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At first glance you barely notice them, but they are there if you look more closely. Near stations, in pedestrian areas, shopping centres, places of interest, churches, town centres, parks and in public places. Their clothes are a bit grottier, their faces more weather-beaten. They seem more depleted than the rest of us, sometimes they have alcohol, sometimes other drugs. Who are we talking about? Germany's homeless population.
Sometimes they beg. Some of them passively, sitting on the ground holding up a sign. Others are more active, approaching passers-by and asking if they have, "a euro to spare". Those who feel less brave just ask for a few cents. Or they sell something, mostly one of the many street papers you find in Germany's towns and cities.
Rough sleepers or hidden homeless – a definition
The Federal Association for Help to the Homeless (Bundesarbeitsgemeinschaft Wohnungslosenhilfe e.V.), which is based in Bielefeld, puts the number of people living on the streets at 20,000 to 30,000. Nobody knows the exact figure. From time to time there are calls for more exact figures. But who wants to comb the streets and houses counting all the homeless people? They sleep in attics or cellars of large blocks of flats, on building sites, in parks and in public places, they look for hiding places in intricate disused sites, on railway sites, in derelict houses and ruins, under bridges, on university campuses. And yet they are just the tip of the iceberg. The overwhelming majority stay – or live – in emergency accommodation, centres for the homeless, cheap bed and breakfasts, refuges, hostels, institutions, or on the floor of friends, acquaintances or relatives, often merely tolerated, often just temporarily.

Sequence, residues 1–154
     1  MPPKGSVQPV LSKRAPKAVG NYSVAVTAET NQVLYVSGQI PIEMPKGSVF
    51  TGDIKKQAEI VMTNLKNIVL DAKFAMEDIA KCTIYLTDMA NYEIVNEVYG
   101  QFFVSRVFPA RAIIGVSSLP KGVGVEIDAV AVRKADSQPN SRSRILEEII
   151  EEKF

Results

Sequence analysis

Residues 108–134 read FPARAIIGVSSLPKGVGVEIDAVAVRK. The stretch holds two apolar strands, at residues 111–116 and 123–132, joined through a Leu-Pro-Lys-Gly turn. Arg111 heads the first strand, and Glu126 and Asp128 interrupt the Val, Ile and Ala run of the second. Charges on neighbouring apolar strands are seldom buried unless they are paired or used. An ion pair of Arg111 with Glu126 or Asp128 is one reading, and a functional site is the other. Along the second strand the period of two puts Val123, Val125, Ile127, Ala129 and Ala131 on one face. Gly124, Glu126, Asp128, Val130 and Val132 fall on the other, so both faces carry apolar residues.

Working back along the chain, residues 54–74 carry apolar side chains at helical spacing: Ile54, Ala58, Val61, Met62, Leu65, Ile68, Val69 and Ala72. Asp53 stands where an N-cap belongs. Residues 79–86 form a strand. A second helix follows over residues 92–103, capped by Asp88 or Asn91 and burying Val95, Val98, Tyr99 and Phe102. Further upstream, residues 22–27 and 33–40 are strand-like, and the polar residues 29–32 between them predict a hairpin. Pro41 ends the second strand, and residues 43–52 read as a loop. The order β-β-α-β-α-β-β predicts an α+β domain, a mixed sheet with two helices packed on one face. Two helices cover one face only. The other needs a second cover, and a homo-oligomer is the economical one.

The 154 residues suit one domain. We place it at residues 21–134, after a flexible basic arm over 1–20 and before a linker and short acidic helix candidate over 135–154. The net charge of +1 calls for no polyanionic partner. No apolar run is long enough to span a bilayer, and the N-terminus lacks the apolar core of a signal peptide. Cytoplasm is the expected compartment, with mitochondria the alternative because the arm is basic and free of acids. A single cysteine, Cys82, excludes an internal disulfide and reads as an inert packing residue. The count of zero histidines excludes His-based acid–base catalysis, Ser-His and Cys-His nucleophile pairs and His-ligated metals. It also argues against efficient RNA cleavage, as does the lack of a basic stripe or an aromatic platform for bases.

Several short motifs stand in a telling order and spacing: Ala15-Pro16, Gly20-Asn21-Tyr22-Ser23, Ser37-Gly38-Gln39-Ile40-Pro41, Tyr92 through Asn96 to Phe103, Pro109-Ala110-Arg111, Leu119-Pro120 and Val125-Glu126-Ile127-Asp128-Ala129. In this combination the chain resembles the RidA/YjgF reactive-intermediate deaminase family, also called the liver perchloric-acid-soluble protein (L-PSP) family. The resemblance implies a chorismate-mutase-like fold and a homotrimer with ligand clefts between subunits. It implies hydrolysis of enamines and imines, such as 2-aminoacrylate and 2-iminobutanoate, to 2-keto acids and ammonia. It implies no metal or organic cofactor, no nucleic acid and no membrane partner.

According to a definition by the German Association of Cities, someone is homeless when they do not have their own living quarters assured by a tenancy agreement. This means someone is homeless for a certain period of time when, for example, they temporarily live with relatives or friends. This definition also includes people who stay in hostels, institutions, emergency accommodation, refuges or women's refuges because there is no settled housing available to them.
Facts, figures & statutory rights
According to estimates by the Federal Association for Help to the Homeless in Bielefeld, approximately 345,000 people in Germany were homeless in 2004. About 55 % of them were men, about 23 % women and about 22 % children and young people.